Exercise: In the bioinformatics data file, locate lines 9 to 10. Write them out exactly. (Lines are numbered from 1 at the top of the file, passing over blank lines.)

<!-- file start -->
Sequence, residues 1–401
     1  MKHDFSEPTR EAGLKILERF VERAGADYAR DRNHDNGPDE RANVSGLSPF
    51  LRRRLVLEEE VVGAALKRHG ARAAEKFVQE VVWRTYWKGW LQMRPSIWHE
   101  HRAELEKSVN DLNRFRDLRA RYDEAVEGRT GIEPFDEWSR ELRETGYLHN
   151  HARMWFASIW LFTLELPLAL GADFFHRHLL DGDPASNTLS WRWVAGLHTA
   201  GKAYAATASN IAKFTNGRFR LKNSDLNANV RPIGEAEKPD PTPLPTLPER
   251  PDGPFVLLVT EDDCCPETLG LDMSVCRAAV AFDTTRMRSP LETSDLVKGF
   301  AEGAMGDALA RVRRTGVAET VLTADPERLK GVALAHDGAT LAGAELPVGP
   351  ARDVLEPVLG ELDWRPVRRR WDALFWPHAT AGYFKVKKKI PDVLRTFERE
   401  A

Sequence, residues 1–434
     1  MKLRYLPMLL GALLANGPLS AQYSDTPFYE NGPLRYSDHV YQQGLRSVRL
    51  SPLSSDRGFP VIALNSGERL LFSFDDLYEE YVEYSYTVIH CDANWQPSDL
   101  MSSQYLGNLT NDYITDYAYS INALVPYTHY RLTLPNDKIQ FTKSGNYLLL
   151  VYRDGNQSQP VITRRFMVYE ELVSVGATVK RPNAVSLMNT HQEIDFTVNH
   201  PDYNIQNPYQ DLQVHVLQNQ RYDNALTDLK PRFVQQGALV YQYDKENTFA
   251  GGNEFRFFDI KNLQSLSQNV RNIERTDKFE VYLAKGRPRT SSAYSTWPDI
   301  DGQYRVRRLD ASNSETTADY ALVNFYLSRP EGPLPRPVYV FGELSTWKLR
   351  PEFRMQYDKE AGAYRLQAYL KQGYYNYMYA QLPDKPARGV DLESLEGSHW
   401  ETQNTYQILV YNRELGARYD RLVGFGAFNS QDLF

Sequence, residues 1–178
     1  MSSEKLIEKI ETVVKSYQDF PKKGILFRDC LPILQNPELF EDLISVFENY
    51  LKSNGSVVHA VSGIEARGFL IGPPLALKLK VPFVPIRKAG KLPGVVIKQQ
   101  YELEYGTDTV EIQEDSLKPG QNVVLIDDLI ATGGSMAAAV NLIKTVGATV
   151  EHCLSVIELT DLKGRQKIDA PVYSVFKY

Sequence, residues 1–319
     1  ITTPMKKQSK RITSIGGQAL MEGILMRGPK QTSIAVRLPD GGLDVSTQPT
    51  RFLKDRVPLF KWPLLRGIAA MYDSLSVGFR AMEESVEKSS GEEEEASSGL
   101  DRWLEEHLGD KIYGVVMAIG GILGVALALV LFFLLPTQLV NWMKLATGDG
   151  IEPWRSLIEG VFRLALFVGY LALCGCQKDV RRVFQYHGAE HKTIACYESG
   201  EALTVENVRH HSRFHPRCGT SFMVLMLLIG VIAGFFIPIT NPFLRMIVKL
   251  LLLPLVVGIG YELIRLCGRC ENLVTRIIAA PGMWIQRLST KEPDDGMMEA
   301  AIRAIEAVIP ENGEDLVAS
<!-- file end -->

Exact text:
   351  ARDVLEPVLG ELDWRPVRRR WDALFWPHAT AGYFKVKKKI PDVLRTFERE
   401  A